There is one more book that I drew from my TBR and I Did Not Finish it… After The Attack I just couldn’t handle Sanctuary by William Faulkner, a story about a kidnapping and rape of a woman. The language was violent and quite gross so I decided that I will draw two new books for next month and I’ll put back Sanctuary for another month.

I read 5 books from my TBR and I only bought one new book so now I only have 103 books left to read! XD

How was your reading month? Have you read any of the books listed here? What was your favorite read this month?

 

Book Review — Tales of Burning Love by Louise Erdrich

“My prayer is a tale of burning love”–Sister Leopolda

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I’ve finished Tales of Burning Love, as part of the #HarpiesReadTheWorld challenge, and it was an excellent read! This book has plenty of layers, perspectives, and delightful bites.

Tales of Burning love is the fourth installment of Louise Erdrich‘s “multi-generational epic on the long-lasting effects of colonialism on Ojibwe peoples and communities”, as stated on Goodreads.

The plot of the book is centered around Jack Mauser and his wives. We start the novel with Jack and his first wife, June Morrisey, a relationship that lasts only a day and ends with June’s death. The novel then jumps to a few decades later when Jack is now newly married to Dot Nanapush, his accountant, who has no idea that he has been married before. As the novel goes on we meet Eleanor Schlick, Jack’s second wife, a literature professor and writer, Jack’s third wife Candace Pantamounty, a dentist, and Jack’s fourth wife Marlis Cook, a cunning woman who Jack didn’t quite like at the beginning and for good reasons. The novel jumps back and forth between his wives and what they are doing in the present, and Jack’s life with his new wife. However, the climax of this novel comes when all four wives end up trapped in a snowstorm and are forced to keep each other awake so as to stay alive. In this way we get their points of view on Jack, how they met him, and what kind of a man he was to them.

It’s incredibly interesting how Erdrich manages to have an omniscient narrator and have each character also as an independent narrator as each tells their own story. The personalities of each character really shine through in Erdrich’s writing. For example:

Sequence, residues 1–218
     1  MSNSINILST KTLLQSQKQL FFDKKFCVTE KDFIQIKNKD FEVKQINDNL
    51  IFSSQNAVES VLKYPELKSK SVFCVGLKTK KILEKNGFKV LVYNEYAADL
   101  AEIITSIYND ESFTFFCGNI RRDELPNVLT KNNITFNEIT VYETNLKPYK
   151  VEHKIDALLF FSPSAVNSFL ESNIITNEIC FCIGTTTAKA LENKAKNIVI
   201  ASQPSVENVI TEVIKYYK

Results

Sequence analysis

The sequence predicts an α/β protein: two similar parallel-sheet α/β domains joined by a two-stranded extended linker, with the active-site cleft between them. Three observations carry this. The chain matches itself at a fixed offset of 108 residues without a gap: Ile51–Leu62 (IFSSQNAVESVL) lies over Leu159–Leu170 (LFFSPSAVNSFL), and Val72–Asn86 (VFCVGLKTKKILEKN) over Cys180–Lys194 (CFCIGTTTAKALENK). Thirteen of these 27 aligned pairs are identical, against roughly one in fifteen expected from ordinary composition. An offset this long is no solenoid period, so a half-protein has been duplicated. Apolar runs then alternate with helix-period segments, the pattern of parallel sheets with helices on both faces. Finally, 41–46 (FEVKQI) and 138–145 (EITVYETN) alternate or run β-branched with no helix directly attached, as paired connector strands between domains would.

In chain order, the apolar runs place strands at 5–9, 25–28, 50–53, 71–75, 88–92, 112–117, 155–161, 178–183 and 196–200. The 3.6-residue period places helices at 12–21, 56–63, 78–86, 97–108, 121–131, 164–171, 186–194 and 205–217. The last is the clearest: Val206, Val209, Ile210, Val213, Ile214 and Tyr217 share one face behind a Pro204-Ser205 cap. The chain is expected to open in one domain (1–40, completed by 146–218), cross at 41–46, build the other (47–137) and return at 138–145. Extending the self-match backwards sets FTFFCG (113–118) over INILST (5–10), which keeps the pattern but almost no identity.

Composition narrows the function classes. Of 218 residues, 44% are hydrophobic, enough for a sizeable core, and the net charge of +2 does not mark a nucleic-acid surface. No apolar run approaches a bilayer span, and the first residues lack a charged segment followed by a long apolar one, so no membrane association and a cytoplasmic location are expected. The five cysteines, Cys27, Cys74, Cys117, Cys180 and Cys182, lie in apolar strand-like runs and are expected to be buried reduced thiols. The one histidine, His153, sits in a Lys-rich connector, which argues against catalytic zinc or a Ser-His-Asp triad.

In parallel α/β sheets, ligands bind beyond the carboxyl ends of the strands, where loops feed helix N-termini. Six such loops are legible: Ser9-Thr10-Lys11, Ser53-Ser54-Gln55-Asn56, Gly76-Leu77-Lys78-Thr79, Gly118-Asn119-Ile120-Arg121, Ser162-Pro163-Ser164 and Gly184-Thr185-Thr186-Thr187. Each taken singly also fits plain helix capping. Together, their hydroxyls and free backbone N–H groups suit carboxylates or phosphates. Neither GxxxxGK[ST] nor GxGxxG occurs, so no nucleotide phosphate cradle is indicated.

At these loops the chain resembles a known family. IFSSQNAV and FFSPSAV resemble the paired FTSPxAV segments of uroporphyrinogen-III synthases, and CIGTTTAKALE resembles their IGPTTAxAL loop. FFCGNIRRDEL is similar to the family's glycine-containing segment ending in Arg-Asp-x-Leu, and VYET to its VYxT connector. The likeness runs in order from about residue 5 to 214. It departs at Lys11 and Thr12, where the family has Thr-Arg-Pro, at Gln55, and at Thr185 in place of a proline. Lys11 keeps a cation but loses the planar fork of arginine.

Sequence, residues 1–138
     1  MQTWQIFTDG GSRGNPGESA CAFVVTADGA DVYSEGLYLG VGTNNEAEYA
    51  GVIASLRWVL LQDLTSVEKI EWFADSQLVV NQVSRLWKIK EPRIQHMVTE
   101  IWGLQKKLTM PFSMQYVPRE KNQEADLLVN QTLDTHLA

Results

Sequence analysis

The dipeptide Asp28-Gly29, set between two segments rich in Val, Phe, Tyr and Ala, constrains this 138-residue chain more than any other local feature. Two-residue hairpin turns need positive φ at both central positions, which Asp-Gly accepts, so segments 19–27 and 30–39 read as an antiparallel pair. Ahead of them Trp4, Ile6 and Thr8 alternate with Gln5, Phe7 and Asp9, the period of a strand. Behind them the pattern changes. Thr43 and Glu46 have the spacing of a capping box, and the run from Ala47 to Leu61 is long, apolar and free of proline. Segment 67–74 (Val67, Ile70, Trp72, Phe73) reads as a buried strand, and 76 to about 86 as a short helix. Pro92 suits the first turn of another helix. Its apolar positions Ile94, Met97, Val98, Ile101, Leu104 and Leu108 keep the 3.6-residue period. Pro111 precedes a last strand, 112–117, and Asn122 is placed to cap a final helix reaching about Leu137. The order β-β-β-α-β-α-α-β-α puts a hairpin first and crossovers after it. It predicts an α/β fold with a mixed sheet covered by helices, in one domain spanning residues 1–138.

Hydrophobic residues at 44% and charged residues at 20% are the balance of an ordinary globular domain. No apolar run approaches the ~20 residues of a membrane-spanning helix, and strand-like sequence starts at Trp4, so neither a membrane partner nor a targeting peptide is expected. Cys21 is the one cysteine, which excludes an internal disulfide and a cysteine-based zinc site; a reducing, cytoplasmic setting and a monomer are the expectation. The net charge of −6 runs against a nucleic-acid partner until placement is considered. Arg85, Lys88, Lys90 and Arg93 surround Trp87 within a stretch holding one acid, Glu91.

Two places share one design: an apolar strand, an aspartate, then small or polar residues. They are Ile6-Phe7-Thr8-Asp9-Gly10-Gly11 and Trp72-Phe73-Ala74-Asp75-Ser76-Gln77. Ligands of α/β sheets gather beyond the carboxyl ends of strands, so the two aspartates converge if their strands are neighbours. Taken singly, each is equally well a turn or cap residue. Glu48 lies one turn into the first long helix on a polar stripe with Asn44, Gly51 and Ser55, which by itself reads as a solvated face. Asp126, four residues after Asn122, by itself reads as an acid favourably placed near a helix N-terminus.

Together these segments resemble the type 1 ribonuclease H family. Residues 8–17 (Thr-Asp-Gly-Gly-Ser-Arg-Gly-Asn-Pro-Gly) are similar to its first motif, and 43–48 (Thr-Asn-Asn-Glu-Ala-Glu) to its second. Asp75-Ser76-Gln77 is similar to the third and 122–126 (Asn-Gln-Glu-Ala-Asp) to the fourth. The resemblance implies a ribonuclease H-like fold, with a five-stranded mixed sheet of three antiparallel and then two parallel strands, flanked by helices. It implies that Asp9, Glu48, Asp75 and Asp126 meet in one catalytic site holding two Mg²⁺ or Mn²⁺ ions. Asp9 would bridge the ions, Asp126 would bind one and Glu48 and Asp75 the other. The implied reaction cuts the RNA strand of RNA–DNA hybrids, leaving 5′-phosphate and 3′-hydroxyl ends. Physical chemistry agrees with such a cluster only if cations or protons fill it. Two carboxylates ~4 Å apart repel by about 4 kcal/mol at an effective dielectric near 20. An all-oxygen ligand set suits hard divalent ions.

“All I had to do was make myself available because I knew from his look, from his approach, from the way he had walked toward me down the aisle of glass, that he could be interested in me. I knew.” –Eleanor Schlick

“I developed hopes from this. We might bond on the trip. He might fall in love with me for real and ever. I’d melt him, warm him, fill him with cheese sandwiches and heat him up with thermos coffee” — Candice Pantamounty

Jack Mauser is described by each of the women in particular ways, and this made me think of how each of us is seen differently by every person that we meet or know. The perspective of us from each member of our family is different, not to mention the perspectives of the people that we have other meaningful relationships with. Each person sees us in different time frames, in our childhood, as we grow into adolescence and into adulthood. I am so curious as to how different people in my life see me, as well as how the one perspective I have on the people I know is different from others. It’s just mind-blowing!

The title of the book, Tales of Burning Love, is echoed throughout the book with the language that Erdrich uses. She often gives us the imagery of fire or heat, both literal and figurative. There are many instances where the characters are saved or doomed by fire, just as they are by love and desire. The idea that love is fire, it can warm you and protect you, save you, but also burn you and even kill you, is thoroughly explored in this book. In that sense, it is not just romantic love, there’s also the idea of familial love that can be a safety net or a dangerous fire one must keep at bay. She says:

“Love — which the young expect, the middle-aged fear or wrestle with or find unbearable or clutch to death — those content in their age, finally, cherish with pained gratitude”

Although this book talks about love and relationships, I’m not sure that “romantic” would be the best way to describe it. The characters are driven by this love, but it’s not sweet or nice most times, it is driven by lust, by power, by money, and by revenge. Love is complex and dynamic, and this novel explores this theme with beautiful writing and complex characters.

There are a few other themes throughout the book, such as religion and spirituality, gender equality, sexuality, the opportunities that Native American people have in this country, their rights and their culture. If you are interested in any of these topics do read this book because it will give you a very unique point of view.

I leave you with my favorite image from this book, one that I wish I could transport myself to every time I read:

“One night, in a moon drift, the late August air billowing and succulent, in the lush scents of turned dirt and growing plants and ancient skunk musk and the sweet pink rugosa roses, the screen door unlatched, Eleanor read in a pool of lamplight by the citronella candle.”

Final rating: 5/5 stars